Reservations Strongly Recommended: Reopening New York’s Restaurants

By Brandon Vogel

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Municipalities cannot regulate heat, humidity and bugs but they can regulate restaurants not complying with outdoor dining guidelines as part of New York’s phased reopening.

Restaurants across the state were prohibited from serving patrons on-premises when COVID-19 hit, with carryout, curbside and delivery services being the only options. Now, as regions of the state enter phases 2 and 3, outdoor dining is permitted under strict guidelines and indoor dining is subject to restrictions.

James P. Horan of Poughkeepsie (Wallace & Wallace) and Wade Beltramo of Albany (NYCOM) discussed the various changes to State Liquor Authority license provisions on a recent CLE Webinar “Restaurant Re-openings: A Local & State Government Perspective.”

Six regions have entered phase 3, which allows gatherings of up to 25 people. The Capital Region enters phase 3 today. The Long Island and the Mid-Hudson regions are in phase 2 while New York City is in phase 1.

Updated guidance from June 8 defines “outdoor space” as an open-air space designated for the consumption of food and/or beverage, which may have a temporary or fixed cover with at least two open sides for airflow. Tables with seats must be at least six feet from any other table, seat or patron. Outdoor capacity is limited to the number of tables that can be safely and appropriately arranged, but, wherever distancing is not feasible between tables, physical barriers at least five feet high may be erected.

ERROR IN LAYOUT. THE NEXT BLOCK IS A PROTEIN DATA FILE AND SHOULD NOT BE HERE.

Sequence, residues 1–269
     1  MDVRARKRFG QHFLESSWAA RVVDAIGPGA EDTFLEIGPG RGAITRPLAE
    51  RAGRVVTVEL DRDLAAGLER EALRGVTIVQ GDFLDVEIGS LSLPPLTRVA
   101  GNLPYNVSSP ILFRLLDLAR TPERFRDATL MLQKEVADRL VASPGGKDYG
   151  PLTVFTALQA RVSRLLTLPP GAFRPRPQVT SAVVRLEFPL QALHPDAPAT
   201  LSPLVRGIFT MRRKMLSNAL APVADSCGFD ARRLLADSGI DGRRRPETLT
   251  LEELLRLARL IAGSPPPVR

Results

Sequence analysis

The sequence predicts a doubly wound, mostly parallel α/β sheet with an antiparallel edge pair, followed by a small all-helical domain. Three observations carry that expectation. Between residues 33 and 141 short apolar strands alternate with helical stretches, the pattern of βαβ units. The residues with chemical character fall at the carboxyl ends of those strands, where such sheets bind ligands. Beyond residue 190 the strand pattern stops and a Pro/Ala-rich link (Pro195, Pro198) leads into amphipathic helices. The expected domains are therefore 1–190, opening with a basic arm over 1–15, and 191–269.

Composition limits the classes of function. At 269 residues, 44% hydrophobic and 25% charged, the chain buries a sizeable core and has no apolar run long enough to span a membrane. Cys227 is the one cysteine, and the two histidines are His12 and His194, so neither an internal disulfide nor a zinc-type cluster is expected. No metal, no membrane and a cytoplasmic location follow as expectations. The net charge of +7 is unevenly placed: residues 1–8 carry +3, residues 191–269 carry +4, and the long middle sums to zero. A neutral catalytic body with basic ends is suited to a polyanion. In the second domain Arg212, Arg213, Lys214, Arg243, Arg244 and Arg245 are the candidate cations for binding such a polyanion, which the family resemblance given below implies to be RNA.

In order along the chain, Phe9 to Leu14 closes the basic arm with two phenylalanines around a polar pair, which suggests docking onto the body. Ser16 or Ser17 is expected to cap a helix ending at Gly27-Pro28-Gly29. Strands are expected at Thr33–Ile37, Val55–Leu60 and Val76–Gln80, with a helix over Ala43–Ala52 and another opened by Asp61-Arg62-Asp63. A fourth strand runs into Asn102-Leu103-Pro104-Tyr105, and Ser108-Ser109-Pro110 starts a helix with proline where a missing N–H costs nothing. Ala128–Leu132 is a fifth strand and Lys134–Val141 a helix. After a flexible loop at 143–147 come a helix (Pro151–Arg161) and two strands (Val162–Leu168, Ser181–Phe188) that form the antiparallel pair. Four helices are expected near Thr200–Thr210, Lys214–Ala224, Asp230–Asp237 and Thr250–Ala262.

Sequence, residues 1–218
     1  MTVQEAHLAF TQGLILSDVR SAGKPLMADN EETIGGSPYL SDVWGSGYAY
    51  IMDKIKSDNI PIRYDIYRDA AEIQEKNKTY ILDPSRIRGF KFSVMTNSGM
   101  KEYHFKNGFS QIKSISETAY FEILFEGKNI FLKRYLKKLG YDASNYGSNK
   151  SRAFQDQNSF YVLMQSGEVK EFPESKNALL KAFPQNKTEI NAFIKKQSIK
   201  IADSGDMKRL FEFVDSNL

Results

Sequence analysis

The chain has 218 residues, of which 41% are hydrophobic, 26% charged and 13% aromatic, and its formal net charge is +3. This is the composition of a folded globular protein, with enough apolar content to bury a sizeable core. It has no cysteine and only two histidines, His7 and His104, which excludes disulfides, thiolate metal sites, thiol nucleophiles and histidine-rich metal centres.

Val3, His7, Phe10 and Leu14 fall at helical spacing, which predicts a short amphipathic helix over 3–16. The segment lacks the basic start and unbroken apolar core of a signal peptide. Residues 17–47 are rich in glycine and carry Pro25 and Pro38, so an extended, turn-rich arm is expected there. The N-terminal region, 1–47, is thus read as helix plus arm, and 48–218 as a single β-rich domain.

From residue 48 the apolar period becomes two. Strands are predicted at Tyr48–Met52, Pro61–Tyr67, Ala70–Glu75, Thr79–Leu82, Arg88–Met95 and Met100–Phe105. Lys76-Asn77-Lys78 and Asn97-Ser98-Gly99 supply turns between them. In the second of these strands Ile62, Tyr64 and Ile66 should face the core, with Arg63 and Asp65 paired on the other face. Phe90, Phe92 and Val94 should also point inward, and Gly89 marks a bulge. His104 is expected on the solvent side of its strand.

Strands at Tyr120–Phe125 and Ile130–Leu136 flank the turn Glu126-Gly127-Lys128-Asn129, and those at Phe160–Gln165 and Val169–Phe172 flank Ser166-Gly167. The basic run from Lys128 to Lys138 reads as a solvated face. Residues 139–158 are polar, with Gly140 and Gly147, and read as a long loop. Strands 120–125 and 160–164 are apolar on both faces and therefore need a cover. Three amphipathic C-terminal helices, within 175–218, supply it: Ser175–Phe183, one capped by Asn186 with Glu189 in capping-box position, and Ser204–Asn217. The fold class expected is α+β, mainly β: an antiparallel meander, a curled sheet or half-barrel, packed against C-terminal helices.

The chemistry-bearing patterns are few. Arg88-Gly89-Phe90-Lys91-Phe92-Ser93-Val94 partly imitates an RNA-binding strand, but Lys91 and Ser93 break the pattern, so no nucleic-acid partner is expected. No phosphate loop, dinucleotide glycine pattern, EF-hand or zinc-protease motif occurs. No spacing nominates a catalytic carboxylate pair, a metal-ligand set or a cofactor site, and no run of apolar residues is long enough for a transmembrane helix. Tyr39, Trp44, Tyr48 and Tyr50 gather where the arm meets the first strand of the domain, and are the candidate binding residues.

Horan noted that the guidance is inconsistent as it calls for six feet between tables with seats in one place and then six feet between tables elsewhere.

“I think it would be hard for a lot of municipalities to ensure six feet from pedestrians on sidewalks,” said Horan. “There has to be some demarcation between the public areas and the service/licensed establishments.”

Horan also said that as restaurants expand their outdoor eating, “The needs of other businesses and residents on the street must be considered.” He explained that a restaurant expanding could prevent a neighboring retail shop from providing curbside pickup. “The impact of parking and emergency access to all businesses on the street must be considered when looking at closing a street for outdoor dining.”

Beltramo discussed the State Liquor Authority guidance on outdoor expansion. It is applicable to regions in phase 2 and is effective through July 6 but may be extended.

Governor Cuomo’s executive order 202.3 allows restaurants to provide curbside service for alcoholic beverages and outdoor consumption, which can lead to trash and sanitation issues.

Under phase 3, indoor dining and bars may open at half capacity and outdoor expansion may continue. Social distancing must be maintained.

According to Governor Cuomo, there have been 25,000 complaints about businesses reopening but not complying with the guidelines. Beltramo stressed that the State Liquor Authority has limited enforcement capability despite the governor discussing “stepped up SLA enforcement.” Police may be reluctant to enforce guidelines and court facilities are limited.

Beltramo suggests cutting the businesses some slack if they are really trying to comply. “I think there are some instances where I’d feel pretty confident being the prosecutor and others where I would be confident as the defense attorney.”

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